Nancy J. Woolf, Ph.D.
Laboratory of NanoNeuroscience
Microtubule-associated protein-2 and Memory
My research interests focus upon nanoscale structures in the CNS and the participation of these structures in higher cognition. Particular interests include:
Alzheimer's disease, an aging-related disorder affecting memory and intellectual function, is associated with two types of neuropathology: senile plaques and neurofibrillary tangles. There is also a marked cholinergic deficit in forebrain cholinergic projection neurons. A major impetus underlying my primary research interests is how these pathologies and the cholinergic deficit are related. The fundamental basic science question is how acetylcholine impacts upon the cytoskeleton during higher cognition.
Nanoscale technology and proteomics stand to greatly advance our understanding of cellular functions and operations of intact proteins. Since the human and mouse genomes have been sequenced to near completion, we know that approximately 30,000 proteins are translated. What we still do not fully understand is how most molecules mechanically operate: what controls where and when they interact. These phenomena are particularly important in informational processing. When viewing the individual living cell as a bioinformational device, we need to know: What is the nature of its internal hardware?
The Neuronal Cytoskeleton
The cytoskeleton is a major component of all living cells. These are thin rod-like filaments that span all regions of the cytoplasm. There are three major types of filaments in neurons: actin-based microfilaments, tubulin-based microtubules (see illustration above), and intermediate filaments called neurofilaments.
are long hollow filaments made of alpha-beta-tubulin dimers. These filaments
have outer diameters measuring ~25 nm and inner diameters of ~15 nm. Tubulin
can account for as much as 10% of the cell’s protein.
Microtubules form through the polymerization of alpha-beta-tubulin dimers in a GTP-dependent process. Strands or protofilaments are often formed first. Microtubules consist of 13 such protofilaments. Each mm of microtubule length consists of 1650 heterodimers.
Associated proteins. Proteins that bind microtubules perform a number of functions in cells. Examples include motor proteins, such as kinesin, which move macromolecular structures to precise destinations in the cytoplasm and structural proteins in neurons (MAPs) that organize proteins near to synapses.
MAPs attach to specific sites on microtubules and thereby affect computational processing executed by microtubules. Neurons contain a number of MAPs, prominent among which are MAP-2 and tau. MAP-2 is present in brain as several isoforms: MAP-2a and MAP-2b are the high molecular weight components (280 kD and 270 kD, respectively); MAP-2c is smaller (70 kD). MAP-2b is presently early and late during postnatal development, whereas MAP-2a appears only late (appearing between days 10 - 20 in rat). MAP-2c is only found in appreciable levels early in development for most brain areas; however, it plays a role in learning in the adult hippocampus (next section). Unless specified otherwise, MAP-2 generally refers to MAP2ab.
MAP-2 and tubulin proteolysis alters the structural organization within the dendrite during learning and memory consolidation (Woolf, 1996; 1998; Woolf et al., 1999). There are good reasons to believe that this reorganization of MAP-2 is relevant to information processing. Messenger RNA for MAP-2 is localized to dendrites, along with several other mRNA species, many or all of which may play a role in activity-dependent synapse modification related to learning and memory (Kiebler & DesGroseillers, Neuron, 25:19, 2000; Steward & Schuman, Ann. Rev. Neurosci. 24:299, 2001). MAP-2 appears to serve as an anchoring protein for the cAMP-dependent kinase: PKA (Harada et al., J Cell Biol., 158:541, 2002). Kinesin protein, a microtubule motor, contributes to neuronal events required for learning and memory; knockout mice are impaired on memory tasks (Wong et al., PNAS, 99:14500, 2002).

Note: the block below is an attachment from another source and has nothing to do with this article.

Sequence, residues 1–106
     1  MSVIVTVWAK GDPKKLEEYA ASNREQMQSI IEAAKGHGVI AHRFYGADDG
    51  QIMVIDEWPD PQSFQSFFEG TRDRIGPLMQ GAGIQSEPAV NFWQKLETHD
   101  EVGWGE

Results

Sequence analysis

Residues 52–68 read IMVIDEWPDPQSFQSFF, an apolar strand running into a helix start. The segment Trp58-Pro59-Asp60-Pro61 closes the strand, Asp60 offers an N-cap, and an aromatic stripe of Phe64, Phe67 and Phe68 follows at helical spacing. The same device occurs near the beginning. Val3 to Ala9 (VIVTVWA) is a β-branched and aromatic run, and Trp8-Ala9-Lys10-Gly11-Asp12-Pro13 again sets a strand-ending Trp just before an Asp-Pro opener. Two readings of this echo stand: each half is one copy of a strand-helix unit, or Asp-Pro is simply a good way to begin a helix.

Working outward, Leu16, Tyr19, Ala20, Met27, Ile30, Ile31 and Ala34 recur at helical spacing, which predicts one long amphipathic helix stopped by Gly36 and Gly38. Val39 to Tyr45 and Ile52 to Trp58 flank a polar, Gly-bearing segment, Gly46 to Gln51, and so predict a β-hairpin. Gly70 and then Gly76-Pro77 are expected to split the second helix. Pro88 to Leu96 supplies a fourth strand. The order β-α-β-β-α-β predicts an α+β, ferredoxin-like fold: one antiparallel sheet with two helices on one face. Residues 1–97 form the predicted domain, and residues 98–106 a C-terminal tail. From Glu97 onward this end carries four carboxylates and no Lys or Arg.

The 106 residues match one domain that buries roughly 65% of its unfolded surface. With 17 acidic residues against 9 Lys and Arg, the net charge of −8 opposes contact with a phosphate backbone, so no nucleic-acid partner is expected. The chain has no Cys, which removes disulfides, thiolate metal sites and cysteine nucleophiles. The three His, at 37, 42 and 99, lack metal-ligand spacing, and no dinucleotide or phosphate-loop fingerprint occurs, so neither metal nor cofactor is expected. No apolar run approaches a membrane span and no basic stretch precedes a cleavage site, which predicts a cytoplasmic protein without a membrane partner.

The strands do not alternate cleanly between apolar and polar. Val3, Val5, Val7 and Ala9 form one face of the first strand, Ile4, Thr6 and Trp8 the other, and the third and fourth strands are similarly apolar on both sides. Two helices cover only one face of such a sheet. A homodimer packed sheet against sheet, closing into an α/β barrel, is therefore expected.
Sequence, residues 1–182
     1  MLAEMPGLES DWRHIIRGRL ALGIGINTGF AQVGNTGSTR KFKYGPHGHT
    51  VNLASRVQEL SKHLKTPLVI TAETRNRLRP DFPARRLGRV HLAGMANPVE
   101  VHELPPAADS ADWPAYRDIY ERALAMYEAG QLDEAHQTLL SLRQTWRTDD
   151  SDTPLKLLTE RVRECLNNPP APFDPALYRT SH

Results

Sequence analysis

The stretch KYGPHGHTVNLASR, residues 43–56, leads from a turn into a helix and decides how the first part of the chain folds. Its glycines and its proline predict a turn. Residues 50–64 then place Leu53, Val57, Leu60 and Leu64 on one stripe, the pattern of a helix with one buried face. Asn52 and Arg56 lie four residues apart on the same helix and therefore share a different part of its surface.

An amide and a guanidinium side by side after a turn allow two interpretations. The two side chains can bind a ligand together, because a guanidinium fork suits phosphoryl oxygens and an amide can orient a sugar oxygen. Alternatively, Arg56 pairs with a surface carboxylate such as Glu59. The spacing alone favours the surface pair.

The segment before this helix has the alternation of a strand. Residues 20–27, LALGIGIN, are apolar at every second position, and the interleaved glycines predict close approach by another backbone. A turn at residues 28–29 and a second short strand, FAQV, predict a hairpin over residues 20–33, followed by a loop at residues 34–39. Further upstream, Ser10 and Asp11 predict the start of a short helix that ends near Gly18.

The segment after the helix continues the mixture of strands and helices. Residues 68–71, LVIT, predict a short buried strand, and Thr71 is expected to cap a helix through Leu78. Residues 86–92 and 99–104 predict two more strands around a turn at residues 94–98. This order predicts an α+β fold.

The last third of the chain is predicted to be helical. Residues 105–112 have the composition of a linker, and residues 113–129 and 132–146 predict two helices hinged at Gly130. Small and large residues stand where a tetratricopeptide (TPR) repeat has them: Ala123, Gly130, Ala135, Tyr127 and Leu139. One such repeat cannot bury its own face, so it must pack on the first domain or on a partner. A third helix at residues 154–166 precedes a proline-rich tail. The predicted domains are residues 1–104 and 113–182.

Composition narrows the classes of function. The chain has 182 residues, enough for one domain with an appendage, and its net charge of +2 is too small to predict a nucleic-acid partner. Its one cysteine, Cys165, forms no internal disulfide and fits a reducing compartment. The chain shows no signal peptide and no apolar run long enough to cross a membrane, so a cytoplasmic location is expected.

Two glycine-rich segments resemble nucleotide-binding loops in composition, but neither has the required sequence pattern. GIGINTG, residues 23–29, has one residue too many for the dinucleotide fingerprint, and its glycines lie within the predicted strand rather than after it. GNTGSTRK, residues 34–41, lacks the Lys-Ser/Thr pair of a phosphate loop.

Site-specific phosphorylation of MAP-2 potently affects its ability to bind to microtubules. Cholinergic muscarinic activation acting through phosphoinositide-specific phospholipase C (PI-PLC), which then turns on protein kinase C (PKC) and Ca2+/calmodulin dependent kinase II (C/CMK), leads to increased phosphorylation of the MAP-2 protein. MAP-2 has over 40 sites of phosphorylation (see Johnson and Jope, J. Neurosci. Res. 33:505, 1994; Sanchez et al., Prog. Neurobiol. 61:133, 2000). Other monoamine neuromodulators (i.e., serotonin, dopamine and norepinephrine) and metabotropic glutamate receptors modulate MAP-2 phosphorylation, in part by activating PI-PLC, and also through either activation or inhibition of adenylyl cyclase. Nonetheless, acetylcholine is around 10 times more concentrated in the mammalian cerebral cortex than other monoamines. Hence among the neuromodulators, cholinergic muscarinic effects are in a position to produce the greatest increase in MAP-2 phosphorylation.
Acetylcholine has been suggested to play a prominent role in the mediation of memory (Woolf et al., 2001) and conscious activity in brain (Woolf, 1997; Perry et al., TINS, 22:273, 1999; Woolf and Hameroff, 2001). Acetylcholine muscarinic receptors affecting the phosphorylation of MAP-2 has implications for quantum computing. Quantum computing in brain microtubules may be tuned by MAP-2 according to Penrose-Hameroff Orch OR (Penrose, 1994; Penrose and Hameroff, 1995). Quantum computing in microtubules, and classical computing involving electrophysiological events around the membrane, may work together (see figure below).
Microtubule-associated protein-2 and Memory
MAP-2 immunohistochemistry highlights the cells that participate saliently in learning and memory consolidation (Woolf, 1996; 1998; Woolf et al., 1999). MAP-2 is highly concentrated in the large layer 5 pyramidal cells of the cerebral cortex and of hippocampus. There are also some small MAP-2 rich cells throughout layers 2 - 6. Considering the large cell body volume along with numerous MAP-2 filled dendrites belonging to the large layer 5 pyramidal cells, it is clear that the large layer 5 pyramidal cells contain the vast majority of MAP-2 protein. Nearly the exact same population of cells contains high levels of muscarinic receptor immunoreactivity and other cytoskeletal proteins (Woolf, 1993).
Control Tone paired Tone upaired